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Bishop Line CRP unveils pathway project connecting communities by rail

On Monday 3 April, rail industry and community groups came together to celebrate the connection of three communities by means of a new pathway.

The new path at Bishop Auckland station makes is easier and safer for passengers to access Weardale Railway services, whether arriving on a Bishop Line train from Darlington or using Bishop Auckland as a terminus. As a result, the communities of Weardale, Bishop Auckland and Darlington are better connected to each other by rail.

The event was attended by His Majesty’s Lord-Lieutenant of County Durham, Mrs Sue Snowdon: Lord Peter Hendy, Chair of Network Rail; Jonathan Ruffer, Founder of The Auckland Project; as well as representatives from the rail industry and local communities.

Lord Peter Hendy, H.M Lord-Lieutenant of County Durham, Mrs Sue Snowdon, and Jonathon Rutter during the event at Bishop Auckland West station. They are joined by members of the Stockton & Darlington Railway Youth Team and representatives from the Weardale Railway, Bishop Line CRP and local communities. Photo credit: David Wood.

This project has been joint funded by Network Rail, The Department for Transport’s Community Rail Development Fund through the Bishop Line Community Rail Partnership (CRP), Weardale Railway Ltd and Weardale Railway Trust.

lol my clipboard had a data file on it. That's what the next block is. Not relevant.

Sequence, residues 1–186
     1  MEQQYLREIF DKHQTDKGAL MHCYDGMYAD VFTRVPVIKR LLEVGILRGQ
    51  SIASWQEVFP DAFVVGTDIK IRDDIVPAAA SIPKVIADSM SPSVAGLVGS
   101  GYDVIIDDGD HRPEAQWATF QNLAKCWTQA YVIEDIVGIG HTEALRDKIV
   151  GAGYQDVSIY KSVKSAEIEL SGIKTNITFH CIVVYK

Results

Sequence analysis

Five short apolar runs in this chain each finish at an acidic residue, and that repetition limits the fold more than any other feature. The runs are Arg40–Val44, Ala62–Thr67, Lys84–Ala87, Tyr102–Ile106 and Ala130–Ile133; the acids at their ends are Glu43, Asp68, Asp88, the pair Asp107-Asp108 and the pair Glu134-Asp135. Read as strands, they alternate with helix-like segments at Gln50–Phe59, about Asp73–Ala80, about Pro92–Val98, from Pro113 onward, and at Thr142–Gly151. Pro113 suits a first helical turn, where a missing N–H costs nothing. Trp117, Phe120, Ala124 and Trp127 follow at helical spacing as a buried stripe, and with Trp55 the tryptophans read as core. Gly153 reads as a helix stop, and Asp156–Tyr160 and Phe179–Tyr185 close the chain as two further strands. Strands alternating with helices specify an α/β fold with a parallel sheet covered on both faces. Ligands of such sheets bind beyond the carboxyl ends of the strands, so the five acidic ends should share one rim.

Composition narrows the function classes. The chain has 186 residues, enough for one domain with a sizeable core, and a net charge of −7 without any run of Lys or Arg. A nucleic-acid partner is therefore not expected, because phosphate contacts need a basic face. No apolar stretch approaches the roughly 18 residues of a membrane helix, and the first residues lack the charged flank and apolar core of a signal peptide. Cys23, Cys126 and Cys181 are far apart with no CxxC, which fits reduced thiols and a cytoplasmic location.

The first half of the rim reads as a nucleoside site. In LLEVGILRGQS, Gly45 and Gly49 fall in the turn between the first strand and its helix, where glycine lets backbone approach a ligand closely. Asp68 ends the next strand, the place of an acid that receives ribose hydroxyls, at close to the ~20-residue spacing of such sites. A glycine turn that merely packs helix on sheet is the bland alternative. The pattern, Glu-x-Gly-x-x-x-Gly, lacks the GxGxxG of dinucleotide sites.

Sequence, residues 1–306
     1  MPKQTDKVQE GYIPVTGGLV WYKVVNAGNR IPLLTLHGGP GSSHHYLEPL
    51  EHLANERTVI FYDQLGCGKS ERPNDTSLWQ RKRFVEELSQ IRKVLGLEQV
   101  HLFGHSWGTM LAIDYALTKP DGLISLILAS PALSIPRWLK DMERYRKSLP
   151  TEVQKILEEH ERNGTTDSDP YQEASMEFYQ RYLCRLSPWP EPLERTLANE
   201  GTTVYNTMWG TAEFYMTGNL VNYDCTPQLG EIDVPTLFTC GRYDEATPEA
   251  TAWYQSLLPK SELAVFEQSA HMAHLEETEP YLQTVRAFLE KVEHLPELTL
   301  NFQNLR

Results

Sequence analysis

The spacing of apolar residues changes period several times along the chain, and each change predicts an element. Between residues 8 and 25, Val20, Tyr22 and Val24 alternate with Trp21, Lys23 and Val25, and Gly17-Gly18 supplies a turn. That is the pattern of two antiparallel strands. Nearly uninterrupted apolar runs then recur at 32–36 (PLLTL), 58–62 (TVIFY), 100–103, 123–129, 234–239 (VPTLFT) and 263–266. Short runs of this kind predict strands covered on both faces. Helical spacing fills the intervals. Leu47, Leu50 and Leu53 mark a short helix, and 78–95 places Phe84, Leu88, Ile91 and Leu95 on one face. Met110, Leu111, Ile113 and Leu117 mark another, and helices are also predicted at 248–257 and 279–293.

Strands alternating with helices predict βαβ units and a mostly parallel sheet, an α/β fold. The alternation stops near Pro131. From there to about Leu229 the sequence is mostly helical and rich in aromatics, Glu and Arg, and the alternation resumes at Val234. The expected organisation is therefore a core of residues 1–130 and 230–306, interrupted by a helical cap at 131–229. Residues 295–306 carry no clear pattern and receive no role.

The project reinstates the historic platform link between the end of the Bishop Auckland station platform, where Northern services arrive from the Bishop Line, and the Weardale Railway platform where services depart for Stanhope. It was the original east to west platform of the former triangular Bishop Auckland station. 

The previous walking route was a deterrent to more vulnerable members of the community such as the elderly, passengers with reduced mobility and families with small children, due to the dark environment and changes of levels. The old route forced passengers to make a lengthy walk via an uneven, unlit, narrow footpath and a busy service road serving the rear of a DIY store and the town’s post office depot. By linking the two platforms directly, those involved aimed to make the interchange more accessible to all passengers.

Lord Peter Hendy, Chair of Network Rail and the Railway Heritage Association, comments: “The heritage of our railways – particularly in the North East – is hugely significant and it’s vital for attracting tourism and supporting economies. Making railway heritage accessible to more people is something I am deeply passionate about and I’m delighted that by working collaboratively, this new pathway has re-opened the route to the Weardale Railway that will allow even more people to visit this fantastic attraction.”

Brian Barnsley, Head of Support and Development at Community Rail Network, said: “We are so pleased to have supported through the Community Rail Development Fund the Weardale Railway and Bishop Line CRP pathway project at Bishop Auckland Station. Linking community rail with Heritage Railways is so important, especially with the rise in leisure travel. This new pathway will provide an accessible route for passengers of all ages and abilities, in turn creating a safer and more integrated travel experience.” 

Members of the Stockton & Darlington Railway Youth Team attended the event at Bishop Auckland Station. Photo credit: David Wood.